NATIONAL

‘Rigorous consultations done before framing new National Education Policy’

The State governments will take a decision on the medium of instruction in schools under their jurisdiction, Education Minister Ramesh Pokhriyal Nishank says on the new National Education Policy (NEP). He expresses concern over a severe scarcity of skilled language teachers and the policy’s recommendations on governance and financing reforms.

Is the policy decision to make the mother tongue the medium of instruction till Class 5 going to be implemented mandatorily across the country, or is it optional for each State Education Department to adopt? Has the Centre taken the States’ views on board on this issue? Have any States raised concerns on implementing this?

The Ministry of Education has conducted a rigorous consultation process to ensure an inclusive, participatory and holistic approach while framing the NEP. Over two lakh suggestions from 2.5 lakh gram panchayats, 6,600 blocks, 6,000 urban local bodies (ULBs), 676 districts were received.

Most developed countries have made an earnest effort to ensure that the child studies in the mother tongue so that both parents and children participate in education in the early years of the child. Young children learn and grasp non-trivial concepts more quickly in their home language/mother tongue.

Thereby, the New Education Policy states that, “Wherever possible, the medium of instruction until at least Grade 5, but preferably till Grade 8 and beyond, will be the home language/mother tongue/ local language/ regional language.” The RTE Act 2009 also states that the medium of instruction, as far as practicable, shall be the mother tongue.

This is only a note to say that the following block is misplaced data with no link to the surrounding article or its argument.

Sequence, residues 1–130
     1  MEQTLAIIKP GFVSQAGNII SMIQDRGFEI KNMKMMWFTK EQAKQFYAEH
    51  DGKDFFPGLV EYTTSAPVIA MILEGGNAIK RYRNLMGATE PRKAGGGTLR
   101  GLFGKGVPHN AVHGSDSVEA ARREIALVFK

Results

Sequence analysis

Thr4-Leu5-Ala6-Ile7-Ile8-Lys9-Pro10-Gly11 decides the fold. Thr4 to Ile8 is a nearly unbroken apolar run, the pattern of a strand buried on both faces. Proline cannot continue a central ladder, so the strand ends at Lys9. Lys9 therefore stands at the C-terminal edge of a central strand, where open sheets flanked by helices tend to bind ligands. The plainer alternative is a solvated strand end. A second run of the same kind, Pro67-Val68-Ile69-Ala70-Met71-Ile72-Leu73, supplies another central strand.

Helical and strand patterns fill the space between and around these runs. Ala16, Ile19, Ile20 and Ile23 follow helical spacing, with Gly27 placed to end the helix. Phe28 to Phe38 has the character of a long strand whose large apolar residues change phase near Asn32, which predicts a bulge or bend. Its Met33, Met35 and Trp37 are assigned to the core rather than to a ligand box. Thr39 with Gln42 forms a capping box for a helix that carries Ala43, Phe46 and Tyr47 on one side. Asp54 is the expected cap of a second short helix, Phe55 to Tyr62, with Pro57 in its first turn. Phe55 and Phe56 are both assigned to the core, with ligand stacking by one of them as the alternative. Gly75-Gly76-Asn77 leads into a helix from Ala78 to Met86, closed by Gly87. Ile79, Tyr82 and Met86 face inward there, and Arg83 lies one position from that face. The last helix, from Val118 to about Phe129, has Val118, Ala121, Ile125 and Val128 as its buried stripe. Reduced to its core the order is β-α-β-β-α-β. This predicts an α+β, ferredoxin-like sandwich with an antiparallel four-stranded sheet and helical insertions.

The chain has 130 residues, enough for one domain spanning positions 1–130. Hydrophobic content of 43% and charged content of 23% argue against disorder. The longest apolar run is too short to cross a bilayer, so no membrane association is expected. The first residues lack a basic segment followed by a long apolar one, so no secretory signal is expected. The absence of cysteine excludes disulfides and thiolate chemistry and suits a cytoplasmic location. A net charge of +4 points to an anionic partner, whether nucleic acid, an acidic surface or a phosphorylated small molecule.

The decision regarding the medium of instruction in schools coming under their jurisdiction is to be taken by the respective State governments.

What is the timeline for implementing this decision? Are there sufficient teachers trained for this in all regional languages?

There has been a severe scarcity of skilled language teachers in India. There will be a major effort from both the Central and State governments to invest in large numbers of language teachers in all regional languages around the country, and, in particular, for all languages mentioned in the Eighth Schedule of the Constitution of India. States from different regions of India may enter into bilateral agreements to hire teachers in large numbers from each other, to satisfy the three-language formula in their respective States, and also to encourage the study of Indian languages across the country.

Language teaching too must be improved to be more experiential and to focus on the ability to converse and interact in the language and not just on the literature, vocabulary, and grammar of the language. Languages must be used more extensively for conversation and for teaching-learning.

A number of initiatives will be adopted to foster languages in school as well as higher education. Strong departments and programmes in Indian languages, comparative literature, creative writing, arts, music, philosophy, etc. will be launched and developed across the country, and degrees including four-year B.Ed. dual degrees will be developed in these subjects.

Will the private and public schools affiliated to the CBSE and the ICSE be asked to mandatorily convert to teaching in the mother tongue only till Class 5? How about Kendriya Vidyalayas that are directly controlled by the Centre?